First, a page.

The process of taking bread from seed to loaf is something both simple and complex. It’s something that we can all do, while simultaneously requiring a lifetimes work to understand the complexities. This is what I learnt at our Grain to Loaf event in St Davids.
Led by expert ‘peasant bakers’ Nicolas Supiot and Jean Marc Albisetti we were taken through a two day process of learning how to begin with healthy soil cultures, to produce wheat cultures, to create bread cultures which ultimately feed human cultures. Attended by growers, farmers, millers and bakers from across the UK, we gathered together around a desire to work on the diversification of grain production and the craft of turning this grain into regionally specific breads which reflect the regionally specific soils they grow in.
The event was hosted by Torth Y Tir, a community supported bakery in Pembrokeshire describing themselves as the part of the ‘peasant baking movement’. This year Torth Y Tir has harvested 9 tonnes of it’s unique regionally specific mixed population of heritage wheat. The wheat now sits in bags ready to be cleaned, milled and baked into bread for their community members in their wood fired oven. This is bread making in the way it was always done, from grain to loaf.
You can watch a short video about farmer and baker Rupert Dunn and Torth y Tir here:
As we gathered on the field where Torth Y Tir grow their wheat, we turned our attention to the diversity of wild plants growing in the margins. Nicolas explained to us his philosophy that all the ‘weeds’ the soil produces are the remedy to what ails it; dock grows to remedy compaction, while vetch grows to fix nitrogen. Counterintuitive to the culture of controlling weeds, Nicolas spoke to us of respecting the polycultures that grow in our fields. Instead of monoculture fields of a single grain variety, the peasant bakers embrace diversity even in the crops they sow. Nicolas harvests wheat, fava beans and camelina oil (‘false flax’) from the same field, using a low tech seed sorting machine to sort the seeds from one another once harvested.
Diversity doesn’t stop with the different species Nicolas grows together. Peasant bakers grow mixed populations of wheat, made up of hundreds of genetically different types of wheat all growing in one interacting population. Unlike a ‘variety’ which is uniform and usually grown as a monoculture, a mixed population is a community of wheats from the same species but with differing genetics and therefore different traits. Over time, the population adapts to the region it grows in, some of the wheat lines in the population will flourish while others dwindle. As the seed from a population is saved each year, it will slowly change and adapt to it’s locality. The population will also react to it’s climate, with some lines doing well in dry years and others doing well in wet years. Populations are therefore much more resilient to weather change.
As Nicolas described mixed populations to us, we started to challenge our understanding of wheat fields being genetically narrow monocultures. Each wheat line in a wheat community has a different purpose. A population that is good to bake with will contain some wheat lines that bring flavour and others that offer good texture, the unique mix creates unique bread. Over time, a grower or baker can add to the population, bring new lines in to create new qualities. This is part of the craft of the baker, to use evolving communities of wheat to be eaten by their evolving human communities. This relationship is complex and special.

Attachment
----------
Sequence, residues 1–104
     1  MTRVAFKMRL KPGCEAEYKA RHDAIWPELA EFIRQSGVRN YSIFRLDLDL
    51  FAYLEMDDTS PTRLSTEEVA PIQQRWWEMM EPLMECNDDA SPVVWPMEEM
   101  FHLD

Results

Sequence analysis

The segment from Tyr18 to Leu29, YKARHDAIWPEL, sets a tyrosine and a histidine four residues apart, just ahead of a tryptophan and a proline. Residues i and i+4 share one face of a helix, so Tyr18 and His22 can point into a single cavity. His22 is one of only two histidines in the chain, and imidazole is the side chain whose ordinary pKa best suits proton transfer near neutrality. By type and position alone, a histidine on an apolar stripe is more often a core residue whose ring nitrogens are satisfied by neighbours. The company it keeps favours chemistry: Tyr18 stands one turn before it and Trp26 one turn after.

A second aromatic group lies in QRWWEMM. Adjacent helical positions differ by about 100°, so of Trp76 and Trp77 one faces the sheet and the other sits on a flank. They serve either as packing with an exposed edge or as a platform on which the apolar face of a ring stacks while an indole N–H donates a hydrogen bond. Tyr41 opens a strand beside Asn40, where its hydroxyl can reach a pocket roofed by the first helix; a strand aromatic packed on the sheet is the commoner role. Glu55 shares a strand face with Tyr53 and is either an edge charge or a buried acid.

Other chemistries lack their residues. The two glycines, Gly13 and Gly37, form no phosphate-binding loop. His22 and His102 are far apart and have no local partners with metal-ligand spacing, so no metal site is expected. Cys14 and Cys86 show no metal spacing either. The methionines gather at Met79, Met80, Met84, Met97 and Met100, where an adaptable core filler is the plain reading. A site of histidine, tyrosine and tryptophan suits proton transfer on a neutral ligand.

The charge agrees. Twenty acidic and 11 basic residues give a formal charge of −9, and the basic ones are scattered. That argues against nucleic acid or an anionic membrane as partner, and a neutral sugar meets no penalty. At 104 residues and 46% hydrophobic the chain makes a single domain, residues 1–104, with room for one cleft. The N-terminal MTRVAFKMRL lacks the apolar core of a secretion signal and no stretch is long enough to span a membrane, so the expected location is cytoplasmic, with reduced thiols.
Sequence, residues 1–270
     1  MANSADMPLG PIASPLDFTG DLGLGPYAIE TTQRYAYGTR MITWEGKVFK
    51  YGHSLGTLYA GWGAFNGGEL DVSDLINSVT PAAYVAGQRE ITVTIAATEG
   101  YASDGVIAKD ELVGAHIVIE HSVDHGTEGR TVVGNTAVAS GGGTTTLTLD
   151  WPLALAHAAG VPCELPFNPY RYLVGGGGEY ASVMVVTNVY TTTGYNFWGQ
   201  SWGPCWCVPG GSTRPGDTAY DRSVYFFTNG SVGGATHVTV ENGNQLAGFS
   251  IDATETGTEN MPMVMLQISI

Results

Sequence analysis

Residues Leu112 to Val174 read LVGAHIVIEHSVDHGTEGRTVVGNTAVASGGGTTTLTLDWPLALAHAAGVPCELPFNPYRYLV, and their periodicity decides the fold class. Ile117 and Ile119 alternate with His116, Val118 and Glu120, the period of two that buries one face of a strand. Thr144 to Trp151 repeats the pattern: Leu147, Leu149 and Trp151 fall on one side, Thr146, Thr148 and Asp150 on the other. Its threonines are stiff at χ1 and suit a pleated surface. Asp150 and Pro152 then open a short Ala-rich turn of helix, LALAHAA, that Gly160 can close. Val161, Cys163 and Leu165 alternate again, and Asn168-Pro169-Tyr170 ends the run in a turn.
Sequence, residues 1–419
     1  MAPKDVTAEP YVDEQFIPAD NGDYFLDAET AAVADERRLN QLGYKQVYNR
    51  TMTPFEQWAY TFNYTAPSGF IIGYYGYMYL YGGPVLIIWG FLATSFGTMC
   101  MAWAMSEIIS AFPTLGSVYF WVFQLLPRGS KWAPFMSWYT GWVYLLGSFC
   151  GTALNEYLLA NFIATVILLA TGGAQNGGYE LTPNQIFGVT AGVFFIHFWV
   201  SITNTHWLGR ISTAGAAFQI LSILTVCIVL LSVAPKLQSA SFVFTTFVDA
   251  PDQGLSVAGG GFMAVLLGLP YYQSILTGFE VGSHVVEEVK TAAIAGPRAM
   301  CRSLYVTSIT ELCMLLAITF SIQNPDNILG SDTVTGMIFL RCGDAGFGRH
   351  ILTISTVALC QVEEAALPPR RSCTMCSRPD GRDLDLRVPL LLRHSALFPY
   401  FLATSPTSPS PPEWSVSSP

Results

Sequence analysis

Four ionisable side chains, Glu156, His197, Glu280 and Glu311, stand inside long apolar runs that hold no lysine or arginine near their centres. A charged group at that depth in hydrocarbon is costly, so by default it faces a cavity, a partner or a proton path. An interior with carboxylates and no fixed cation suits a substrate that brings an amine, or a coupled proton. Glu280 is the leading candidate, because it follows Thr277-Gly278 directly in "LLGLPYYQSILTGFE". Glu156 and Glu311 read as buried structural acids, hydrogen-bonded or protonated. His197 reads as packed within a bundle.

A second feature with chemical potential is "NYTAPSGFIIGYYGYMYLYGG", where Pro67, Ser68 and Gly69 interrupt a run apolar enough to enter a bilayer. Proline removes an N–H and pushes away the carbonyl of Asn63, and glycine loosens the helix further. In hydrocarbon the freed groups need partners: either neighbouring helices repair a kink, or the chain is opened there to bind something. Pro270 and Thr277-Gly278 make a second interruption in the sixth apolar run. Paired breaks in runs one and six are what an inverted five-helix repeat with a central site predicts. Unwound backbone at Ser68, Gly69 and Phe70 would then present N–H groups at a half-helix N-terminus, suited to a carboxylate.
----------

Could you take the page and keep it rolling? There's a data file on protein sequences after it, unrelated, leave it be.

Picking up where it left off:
Our event moved from threshing wheat seed to milling it from a portable ‘Moulan Astrie’mill in the back 0f Jean Marc’s van. Discussion led us to the importance of supporting small water powered mills in Wales, as well as the possibilities for portable mills to shorten supply chains. What was agreed was the importance of keeping diverse grains between the mill stones and the need to educate the public to buying diverse flours.
The final day saw us gather in silence around the wooden dough trough as Nicolas mixed the fermented starter with the flour and spring water to create our dough. The magnitude of this moment was amplified by having got here via a complex journey from seed to soil, grain to flour. The origins of this bread seemed deeper and more meaningful. While many industrially created breads contain added sugars, preservatives and chemicals, the sourdough bread we were about to bake would be simply flour, water, salt and wild yeasts. While industrial baking has found a way to extract particular yeasts and speed up the rising of the dough, we understood the need to wait for the bread to rise naturally over time.
Finishing the two days by taking home our loaf from the wood fired oven, we also took away a desire to bring the growing of our bread back to our communities. In Wales, there is a new energy to recreate the diverse mixed populations that used to fill our fields. Young farmers are looking to grow grains again and see them milled and baked within the same region. Millers are looking to use regionally specific grains. Bakers are looking to bake with new flavours from the fields around them. Bringing the entire seed to loaf process back to community scale we are able to reconnect with the importance of diversity. Far from being economically unviable, this process can also add value to our grains and keep money circulating in our local economies.
Article by Katie Hastings, Seed Sovereignty Programme Regional Coordinator for Wales. To get involved in grain growing training in Wales contact firstname.lastname@example.org
To look for heritage and mixed population grains being grown in the UK: UK Grain Catalogue